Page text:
To paraphrase Cole Porter: another ev'nin', another show... This time it was back to the ever-welcome comfort of the Olivier stalls to see the latest in the National Theatre's Christmas productions based on literary children's books. However this year Robert Louis Stevenson's TREASURE ISLAND has been given a particular female twist.
The production is directed by Polly Findlay and the adaptation by Bryony Lavery has reassigned Jim Hawkins to being a girl along with sex changes for Dr. Livesey and several pirates.
To be honest I was dreading what had been done to the story - revisionism for -isms sake? - but after a short while I didn't notice the gender shifts. I guess it's all about finding the right actress to play the role rather than doing it for the role's sake and they have found the perfect actress to play plucky Jim in Patsy Ferran.
After impressing in her West End debut earlier this year as the gauche servant Edith in BLITHE SPIRIT, here she is a natural centre of attention with her sly wit and bright personality. What a year she has had!
Actually she gives such a winning performance that she quite pulls the focus from Arthur Darvill as the show's famous villain Long John Silver. Playing against the stereotypical representation of the character, Darvill's Silver is a cunning, sly adversary who easily infiltrates himself among the crew aboard Squire Trelawney's ship which sets out to find the titular island. His performance is in keeping with the 'ensemble' feel of the show - but damn it all, this *is* the Olivier stage, an easy place to get lost if you are not flashing the bottle a bit.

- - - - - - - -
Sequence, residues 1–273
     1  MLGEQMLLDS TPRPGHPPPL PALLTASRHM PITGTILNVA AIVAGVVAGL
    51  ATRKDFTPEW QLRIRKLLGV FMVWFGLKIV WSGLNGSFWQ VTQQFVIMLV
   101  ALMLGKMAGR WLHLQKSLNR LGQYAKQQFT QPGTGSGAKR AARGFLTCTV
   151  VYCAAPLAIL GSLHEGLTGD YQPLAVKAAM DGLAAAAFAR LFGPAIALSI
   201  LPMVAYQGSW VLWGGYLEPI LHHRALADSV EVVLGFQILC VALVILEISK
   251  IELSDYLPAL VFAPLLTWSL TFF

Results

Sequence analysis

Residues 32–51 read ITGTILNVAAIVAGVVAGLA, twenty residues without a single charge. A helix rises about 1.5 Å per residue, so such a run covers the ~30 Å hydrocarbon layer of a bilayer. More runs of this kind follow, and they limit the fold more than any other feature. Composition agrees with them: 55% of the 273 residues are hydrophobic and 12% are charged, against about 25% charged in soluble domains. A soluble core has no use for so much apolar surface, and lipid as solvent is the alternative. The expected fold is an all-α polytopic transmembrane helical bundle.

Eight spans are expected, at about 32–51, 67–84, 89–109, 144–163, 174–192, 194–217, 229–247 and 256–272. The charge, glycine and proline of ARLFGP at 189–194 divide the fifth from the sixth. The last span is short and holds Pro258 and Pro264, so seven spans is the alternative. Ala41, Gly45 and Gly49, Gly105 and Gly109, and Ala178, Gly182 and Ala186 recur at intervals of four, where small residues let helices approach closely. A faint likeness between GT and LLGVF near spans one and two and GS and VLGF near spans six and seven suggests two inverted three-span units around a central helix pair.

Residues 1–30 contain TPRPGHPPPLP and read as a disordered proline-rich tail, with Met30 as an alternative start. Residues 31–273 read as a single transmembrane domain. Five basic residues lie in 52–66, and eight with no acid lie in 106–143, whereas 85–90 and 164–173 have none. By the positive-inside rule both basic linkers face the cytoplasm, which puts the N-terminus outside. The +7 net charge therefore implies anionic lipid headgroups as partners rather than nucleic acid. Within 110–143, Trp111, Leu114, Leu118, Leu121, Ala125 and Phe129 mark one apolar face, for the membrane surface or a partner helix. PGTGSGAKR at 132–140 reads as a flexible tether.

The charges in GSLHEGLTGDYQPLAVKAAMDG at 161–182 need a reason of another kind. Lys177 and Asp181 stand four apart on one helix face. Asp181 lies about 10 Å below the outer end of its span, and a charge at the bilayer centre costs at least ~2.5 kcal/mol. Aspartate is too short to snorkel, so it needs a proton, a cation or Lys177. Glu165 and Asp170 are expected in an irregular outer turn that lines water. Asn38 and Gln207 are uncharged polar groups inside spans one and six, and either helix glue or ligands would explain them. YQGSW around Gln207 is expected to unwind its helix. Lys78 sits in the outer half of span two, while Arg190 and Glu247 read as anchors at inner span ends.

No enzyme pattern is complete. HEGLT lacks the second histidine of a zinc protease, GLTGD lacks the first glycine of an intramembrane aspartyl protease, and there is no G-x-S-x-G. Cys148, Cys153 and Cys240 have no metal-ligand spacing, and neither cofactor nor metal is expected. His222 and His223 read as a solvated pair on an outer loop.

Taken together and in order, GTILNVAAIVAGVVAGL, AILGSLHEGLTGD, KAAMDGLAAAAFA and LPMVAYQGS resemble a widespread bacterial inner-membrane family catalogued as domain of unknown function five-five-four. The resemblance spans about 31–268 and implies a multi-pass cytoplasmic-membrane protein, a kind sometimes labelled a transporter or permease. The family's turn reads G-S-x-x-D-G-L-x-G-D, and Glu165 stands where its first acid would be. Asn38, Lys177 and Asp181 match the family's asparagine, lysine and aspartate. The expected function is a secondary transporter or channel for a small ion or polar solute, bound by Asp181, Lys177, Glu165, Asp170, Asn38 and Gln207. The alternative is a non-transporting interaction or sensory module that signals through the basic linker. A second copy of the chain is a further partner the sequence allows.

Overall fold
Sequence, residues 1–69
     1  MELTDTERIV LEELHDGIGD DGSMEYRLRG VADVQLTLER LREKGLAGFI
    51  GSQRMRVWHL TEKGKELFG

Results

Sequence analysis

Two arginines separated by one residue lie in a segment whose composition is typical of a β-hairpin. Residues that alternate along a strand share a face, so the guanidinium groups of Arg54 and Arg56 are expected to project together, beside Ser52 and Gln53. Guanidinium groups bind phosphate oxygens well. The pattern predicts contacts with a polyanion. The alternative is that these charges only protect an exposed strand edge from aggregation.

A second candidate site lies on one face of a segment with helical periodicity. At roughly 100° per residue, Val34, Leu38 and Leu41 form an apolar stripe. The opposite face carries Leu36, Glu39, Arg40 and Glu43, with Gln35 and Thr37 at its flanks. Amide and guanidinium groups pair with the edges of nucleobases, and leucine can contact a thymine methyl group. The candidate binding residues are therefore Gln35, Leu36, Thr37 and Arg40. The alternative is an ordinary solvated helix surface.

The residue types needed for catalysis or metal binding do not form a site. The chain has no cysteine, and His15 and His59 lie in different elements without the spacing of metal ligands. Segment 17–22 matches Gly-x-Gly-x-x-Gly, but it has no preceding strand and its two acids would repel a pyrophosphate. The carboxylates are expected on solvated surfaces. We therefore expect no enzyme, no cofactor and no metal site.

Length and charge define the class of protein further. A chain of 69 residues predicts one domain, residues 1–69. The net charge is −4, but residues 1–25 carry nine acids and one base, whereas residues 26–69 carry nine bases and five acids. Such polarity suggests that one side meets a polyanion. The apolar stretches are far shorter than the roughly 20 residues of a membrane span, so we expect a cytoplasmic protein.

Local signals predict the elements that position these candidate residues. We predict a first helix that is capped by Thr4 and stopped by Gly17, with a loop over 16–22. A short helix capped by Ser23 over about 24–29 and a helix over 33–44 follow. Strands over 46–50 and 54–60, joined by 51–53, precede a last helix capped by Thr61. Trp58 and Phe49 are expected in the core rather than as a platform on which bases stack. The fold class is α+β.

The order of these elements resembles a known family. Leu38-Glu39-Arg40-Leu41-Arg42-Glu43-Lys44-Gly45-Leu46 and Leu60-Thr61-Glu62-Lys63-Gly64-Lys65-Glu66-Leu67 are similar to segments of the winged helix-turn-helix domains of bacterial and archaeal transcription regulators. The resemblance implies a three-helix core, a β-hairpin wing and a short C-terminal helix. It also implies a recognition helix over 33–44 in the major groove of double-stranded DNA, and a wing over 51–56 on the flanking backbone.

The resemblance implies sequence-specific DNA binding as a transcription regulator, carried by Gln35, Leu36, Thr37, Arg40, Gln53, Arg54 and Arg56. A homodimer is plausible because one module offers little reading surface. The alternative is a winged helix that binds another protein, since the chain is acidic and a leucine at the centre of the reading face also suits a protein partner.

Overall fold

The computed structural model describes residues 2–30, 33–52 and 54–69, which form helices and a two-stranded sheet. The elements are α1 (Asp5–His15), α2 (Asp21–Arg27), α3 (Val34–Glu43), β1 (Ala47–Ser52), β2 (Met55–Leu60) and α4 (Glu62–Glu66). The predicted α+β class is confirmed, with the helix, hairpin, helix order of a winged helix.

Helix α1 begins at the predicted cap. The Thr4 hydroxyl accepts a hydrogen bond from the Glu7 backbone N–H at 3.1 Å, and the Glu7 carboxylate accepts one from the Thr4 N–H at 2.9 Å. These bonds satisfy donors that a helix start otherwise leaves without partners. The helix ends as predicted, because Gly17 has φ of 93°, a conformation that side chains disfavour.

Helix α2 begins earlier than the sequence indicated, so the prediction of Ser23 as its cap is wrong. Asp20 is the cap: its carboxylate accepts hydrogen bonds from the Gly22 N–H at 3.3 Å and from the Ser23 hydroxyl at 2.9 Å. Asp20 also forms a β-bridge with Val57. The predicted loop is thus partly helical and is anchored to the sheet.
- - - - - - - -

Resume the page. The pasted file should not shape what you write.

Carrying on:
Apart from Gillian Hanna as Jim's sparky Innkeeper grandmother, the cast are by and large anonymous although I liked Nick Fletcher's egotistical Squire and Tim Samuels as the aptly-named Grey, a sailor so anonymous the pirates forget to tie him up with the others.
There is also a great animatronic parrot playing Silver's ever-watchful Captain Flint which steals scenes easier than any pirate.
The National has also called again on it's favourite folk composer John
Tams whose songs are atmospheric enough to give you a flavour of shanties
heard through a dense fog. Dan Jones' score and in particular his chilly soundscape help conjure the mood too.
The other big plus for the production is Lizzie Clachan's ingenious set which uses the Olivier revolve well, none more so than when the Squire's ship, the Hispaniola, rises majestically into view from what had been the desolate Inn minutes before. The large curved plinths that surround the stage are also an excellent design choice suggesting both the bare bones of a ship's hull... and just bare bones!
Looking back, my only real annoyance was Lavery's overuse of archaic poetical speech patterns for Jim which sometimes pulled the focus away from the actual play and character. Also, oddly enough for a show that succeeded so well with the onstage mise-en-scene, the occasional use of lighting cues above the audience to suggest the parrot's flight were usually mis-timed and a bit confusing. This was also the case with the final effect - what should have been a haunting 'button' actually was a bit of a clunker.
But I was surprised how much I enjoyed the show and the good news is that Treasure Island fan and secret pirate king Owen was hugely impressed with it.
New Year ahoy!